Child abuse suspect won't be forced to decrypt hard drive


Re: I don't get it...

It is a principle of both UK and US law that no-one can be compelled to give evidence against themselves and it always has been.

The idea is that the prosecuting authorities should be able to make a ca,se that stands up on its own and so does not have to rely on a confession, which can be extorted or made up. It may seem unlikely that someone would confess to a crime they didn't commit except under duress, but there are plenty of examples of that happening. There are far more examples of false confessions being forced out of suspects.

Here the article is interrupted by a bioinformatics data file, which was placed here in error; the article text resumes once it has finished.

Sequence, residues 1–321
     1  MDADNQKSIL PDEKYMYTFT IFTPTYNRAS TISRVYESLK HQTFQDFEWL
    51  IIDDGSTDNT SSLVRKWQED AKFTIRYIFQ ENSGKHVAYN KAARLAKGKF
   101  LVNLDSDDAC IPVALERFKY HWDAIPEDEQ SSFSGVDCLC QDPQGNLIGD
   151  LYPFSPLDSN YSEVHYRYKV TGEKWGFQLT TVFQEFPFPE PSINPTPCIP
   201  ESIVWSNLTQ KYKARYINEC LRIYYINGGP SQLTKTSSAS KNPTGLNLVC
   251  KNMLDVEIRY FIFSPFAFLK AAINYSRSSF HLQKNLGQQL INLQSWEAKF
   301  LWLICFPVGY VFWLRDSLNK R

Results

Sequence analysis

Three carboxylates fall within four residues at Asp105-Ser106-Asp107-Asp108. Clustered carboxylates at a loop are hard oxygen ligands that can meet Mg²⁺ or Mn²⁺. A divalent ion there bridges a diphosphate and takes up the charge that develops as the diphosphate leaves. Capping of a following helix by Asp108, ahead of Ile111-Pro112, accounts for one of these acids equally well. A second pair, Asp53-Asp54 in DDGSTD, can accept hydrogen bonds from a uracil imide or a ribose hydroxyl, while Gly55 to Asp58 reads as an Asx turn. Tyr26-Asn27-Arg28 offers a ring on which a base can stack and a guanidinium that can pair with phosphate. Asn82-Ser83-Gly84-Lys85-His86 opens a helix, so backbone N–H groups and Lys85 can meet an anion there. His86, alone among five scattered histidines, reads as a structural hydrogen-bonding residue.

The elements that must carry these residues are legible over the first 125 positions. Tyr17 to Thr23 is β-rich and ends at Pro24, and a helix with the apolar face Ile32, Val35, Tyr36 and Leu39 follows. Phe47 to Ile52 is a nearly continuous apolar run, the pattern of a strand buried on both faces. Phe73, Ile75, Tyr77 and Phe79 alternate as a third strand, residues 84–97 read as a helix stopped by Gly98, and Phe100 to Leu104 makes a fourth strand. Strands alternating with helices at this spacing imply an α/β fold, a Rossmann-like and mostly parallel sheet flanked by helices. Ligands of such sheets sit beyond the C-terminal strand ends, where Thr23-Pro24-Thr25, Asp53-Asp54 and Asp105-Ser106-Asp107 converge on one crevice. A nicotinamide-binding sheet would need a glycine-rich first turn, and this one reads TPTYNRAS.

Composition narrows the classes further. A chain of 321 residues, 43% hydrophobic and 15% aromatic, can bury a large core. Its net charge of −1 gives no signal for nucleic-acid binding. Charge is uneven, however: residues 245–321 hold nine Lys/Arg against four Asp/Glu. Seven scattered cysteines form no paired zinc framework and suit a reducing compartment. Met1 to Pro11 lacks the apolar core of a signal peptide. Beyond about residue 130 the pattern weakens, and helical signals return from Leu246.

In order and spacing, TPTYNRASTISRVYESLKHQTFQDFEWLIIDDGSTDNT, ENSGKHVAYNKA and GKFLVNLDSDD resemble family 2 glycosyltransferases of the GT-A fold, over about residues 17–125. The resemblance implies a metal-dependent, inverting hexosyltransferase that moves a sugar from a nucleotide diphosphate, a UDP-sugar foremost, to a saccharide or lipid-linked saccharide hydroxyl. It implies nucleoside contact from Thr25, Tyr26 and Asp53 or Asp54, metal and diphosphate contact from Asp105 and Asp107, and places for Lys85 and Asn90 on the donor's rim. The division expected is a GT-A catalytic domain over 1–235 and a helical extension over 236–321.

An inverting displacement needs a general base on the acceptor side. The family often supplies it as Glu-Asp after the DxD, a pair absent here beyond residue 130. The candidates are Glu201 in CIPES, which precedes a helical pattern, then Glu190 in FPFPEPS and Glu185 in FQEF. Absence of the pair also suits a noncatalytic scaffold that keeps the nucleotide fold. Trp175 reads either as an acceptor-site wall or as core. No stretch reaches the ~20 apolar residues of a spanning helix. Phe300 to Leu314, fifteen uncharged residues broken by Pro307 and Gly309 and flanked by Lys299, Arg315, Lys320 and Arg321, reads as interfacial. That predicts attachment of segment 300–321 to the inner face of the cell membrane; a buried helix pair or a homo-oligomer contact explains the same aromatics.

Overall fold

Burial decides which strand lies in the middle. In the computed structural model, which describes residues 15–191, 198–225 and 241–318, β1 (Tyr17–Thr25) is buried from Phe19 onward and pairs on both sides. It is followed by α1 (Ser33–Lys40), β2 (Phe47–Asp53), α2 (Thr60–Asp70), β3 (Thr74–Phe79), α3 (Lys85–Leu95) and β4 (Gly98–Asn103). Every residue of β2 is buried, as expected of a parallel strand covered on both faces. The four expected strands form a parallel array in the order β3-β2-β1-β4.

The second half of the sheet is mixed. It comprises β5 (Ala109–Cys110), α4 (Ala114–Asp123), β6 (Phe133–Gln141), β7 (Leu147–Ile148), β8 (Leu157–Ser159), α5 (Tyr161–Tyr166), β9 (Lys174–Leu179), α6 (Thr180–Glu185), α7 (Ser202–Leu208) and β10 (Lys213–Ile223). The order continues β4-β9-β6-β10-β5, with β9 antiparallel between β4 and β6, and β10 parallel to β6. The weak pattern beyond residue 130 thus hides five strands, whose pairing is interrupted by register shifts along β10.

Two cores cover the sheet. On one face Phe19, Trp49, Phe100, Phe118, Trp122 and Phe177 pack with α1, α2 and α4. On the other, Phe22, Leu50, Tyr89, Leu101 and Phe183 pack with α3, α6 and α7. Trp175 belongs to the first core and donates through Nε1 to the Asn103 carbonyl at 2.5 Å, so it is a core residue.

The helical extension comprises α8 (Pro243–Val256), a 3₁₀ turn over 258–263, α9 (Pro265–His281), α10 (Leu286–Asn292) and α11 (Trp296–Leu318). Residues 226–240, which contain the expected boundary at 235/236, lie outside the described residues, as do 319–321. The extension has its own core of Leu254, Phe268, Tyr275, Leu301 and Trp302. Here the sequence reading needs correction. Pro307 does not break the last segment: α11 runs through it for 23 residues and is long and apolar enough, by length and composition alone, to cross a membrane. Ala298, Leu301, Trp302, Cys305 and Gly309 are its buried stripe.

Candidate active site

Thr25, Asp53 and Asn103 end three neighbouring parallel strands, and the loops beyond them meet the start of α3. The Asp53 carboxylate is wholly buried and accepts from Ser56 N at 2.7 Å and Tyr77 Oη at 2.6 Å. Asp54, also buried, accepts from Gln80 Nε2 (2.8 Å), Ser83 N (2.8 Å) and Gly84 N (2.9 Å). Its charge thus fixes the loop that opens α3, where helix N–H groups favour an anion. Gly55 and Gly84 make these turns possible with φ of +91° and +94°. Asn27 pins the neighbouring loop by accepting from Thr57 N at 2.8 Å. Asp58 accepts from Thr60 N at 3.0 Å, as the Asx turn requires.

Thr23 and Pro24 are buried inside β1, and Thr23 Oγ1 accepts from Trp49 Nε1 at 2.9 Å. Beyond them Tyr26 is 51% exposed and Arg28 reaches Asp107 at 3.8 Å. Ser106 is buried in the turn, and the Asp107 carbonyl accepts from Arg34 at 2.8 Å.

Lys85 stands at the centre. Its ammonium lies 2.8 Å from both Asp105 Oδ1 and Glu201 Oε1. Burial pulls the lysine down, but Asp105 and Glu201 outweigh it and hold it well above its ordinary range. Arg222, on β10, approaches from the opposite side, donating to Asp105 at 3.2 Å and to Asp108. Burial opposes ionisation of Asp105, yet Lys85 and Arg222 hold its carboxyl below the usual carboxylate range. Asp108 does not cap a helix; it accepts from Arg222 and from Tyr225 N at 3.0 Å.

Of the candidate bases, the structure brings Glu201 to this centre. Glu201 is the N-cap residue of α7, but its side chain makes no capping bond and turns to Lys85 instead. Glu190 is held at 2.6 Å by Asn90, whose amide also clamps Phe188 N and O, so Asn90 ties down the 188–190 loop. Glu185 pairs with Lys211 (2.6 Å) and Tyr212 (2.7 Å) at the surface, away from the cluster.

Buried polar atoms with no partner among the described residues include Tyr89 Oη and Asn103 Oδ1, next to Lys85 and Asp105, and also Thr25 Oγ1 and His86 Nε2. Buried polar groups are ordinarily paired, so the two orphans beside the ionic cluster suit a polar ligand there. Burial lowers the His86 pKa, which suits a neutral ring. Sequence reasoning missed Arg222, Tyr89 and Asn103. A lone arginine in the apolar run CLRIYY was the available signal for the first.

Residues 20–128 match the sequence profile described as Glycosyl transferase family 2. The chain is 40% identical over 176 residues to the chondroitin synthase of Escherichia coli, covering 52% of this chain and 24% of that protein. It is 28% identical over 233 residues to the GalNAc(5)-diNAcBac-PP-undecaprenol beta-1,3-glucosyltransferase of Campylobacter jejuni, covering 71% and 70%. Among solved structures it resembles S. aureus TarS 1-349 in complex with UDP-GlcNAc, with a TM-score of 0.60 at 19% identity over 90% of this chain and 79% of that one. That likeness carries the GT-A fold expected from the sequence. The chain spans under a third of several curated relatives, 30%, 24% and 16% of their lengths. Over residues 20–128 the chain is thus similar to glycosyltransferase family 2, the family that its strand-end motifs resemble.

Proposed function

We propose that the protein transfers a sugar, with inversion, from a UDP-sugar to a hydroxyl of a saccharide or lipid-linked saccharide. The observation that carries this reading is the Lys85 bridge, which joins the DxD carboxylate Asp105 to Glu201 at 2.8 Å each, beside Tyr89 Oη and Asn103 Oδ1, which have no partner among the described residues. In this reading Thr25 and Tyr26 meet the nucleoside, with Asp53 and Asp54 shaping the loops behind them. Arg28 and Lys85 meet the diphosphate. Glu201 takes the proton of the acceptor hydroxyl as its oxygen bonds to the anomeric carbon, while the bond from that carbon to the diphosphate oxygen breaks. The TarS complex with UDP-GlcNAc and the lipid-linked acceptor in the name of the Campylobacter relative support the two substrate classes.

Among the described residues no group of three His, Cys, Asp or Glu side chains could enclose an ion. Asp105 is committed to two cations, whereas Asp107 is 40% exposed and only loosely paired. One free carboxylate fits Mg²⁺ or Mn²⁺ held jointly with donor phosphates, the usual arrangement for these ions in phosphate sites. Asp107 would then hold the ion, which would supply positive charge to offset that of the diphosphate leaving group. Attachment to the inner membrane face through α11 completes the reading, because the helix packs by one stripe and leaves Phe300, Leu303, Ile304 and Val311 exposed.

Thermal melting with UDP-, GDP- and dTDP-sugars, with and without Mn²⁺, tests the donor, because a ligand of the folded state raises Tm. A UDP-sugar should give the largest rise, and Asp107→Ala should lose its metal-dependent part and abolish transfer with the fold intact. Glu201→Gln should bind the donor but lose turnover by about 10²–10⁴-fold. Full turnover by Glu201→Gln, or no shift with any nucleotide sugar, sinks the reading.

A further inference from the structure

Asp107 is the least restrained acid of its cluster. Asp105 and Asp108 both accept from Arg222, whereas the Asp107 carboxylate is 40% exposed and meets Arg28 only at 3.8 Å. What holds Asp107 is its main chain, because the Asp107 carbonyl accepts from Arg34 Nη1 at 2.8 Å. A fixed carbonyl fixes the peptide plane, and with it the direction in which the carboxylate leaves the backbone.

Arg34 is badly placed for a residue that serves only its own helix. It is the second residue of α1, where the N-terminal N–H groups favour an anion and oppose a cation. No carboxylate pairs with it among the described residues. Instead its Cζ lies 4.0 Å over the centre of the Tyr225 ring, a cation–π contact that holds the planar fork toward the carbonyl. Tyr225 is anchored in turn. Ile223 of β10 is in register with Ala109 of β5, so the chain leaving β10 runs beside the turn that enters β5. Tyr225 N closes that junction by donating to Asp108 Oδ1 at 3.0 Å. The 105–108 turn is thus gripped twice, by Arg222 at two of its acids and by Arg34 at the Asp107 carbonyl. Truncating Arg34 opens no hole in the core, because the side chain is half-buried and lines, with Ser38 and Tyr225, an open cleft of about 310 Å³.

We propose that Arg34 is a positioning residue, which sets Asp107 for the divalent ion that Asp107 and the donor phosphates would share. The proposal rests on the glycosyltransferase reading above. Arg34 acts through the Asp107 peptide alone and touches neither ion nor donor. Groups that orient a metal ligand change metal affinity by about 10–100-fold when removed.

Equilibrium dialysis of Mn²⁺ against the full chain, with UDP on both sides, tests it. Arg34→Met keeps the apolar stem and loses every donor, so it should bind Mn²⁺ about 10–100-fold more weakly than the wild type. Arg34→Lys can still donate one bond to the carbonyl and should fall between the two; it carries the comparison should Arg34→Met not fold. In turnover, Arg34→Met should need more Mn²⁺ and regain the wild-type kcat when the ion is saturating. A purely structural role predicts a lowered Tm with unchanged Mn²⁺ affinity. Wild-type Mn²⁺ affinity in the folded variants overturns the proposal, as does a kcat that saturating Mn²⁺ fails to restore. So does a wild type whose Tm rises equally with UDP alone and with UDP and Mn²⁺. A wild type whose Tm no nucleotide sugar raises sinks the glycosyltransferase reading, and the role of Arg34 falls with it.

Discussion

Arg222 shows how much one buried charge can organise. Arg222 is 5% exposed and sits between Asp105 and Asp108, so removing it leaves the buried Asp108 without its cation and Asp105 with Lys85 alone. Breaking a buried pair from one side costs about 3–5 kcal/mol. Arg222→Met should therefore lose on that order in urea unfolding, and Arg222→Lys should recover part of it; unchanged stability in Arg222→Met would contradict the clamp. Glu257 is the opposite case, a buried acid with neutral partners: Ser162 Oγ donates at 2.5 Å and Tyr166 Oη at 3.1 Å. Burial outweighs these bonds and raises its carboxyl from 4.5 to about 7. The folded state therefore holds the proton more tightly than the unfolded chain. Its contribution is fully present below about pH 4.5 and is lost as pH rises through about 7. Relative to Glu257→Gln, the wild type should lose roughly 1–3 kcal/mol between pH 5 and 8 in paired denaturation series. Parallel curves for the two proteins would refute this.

This is a difficult area and I have to say that, on balance, I don't agree with the Supreme Court. The police aren't asking the suspect to incriminate himself but to facilitate the analysis of evidence. I don't think that is the same thing. It doesn't take a genius to work out why he refuses to divulge his passwords/encryption keys, but until he does, no-one will know for sure.


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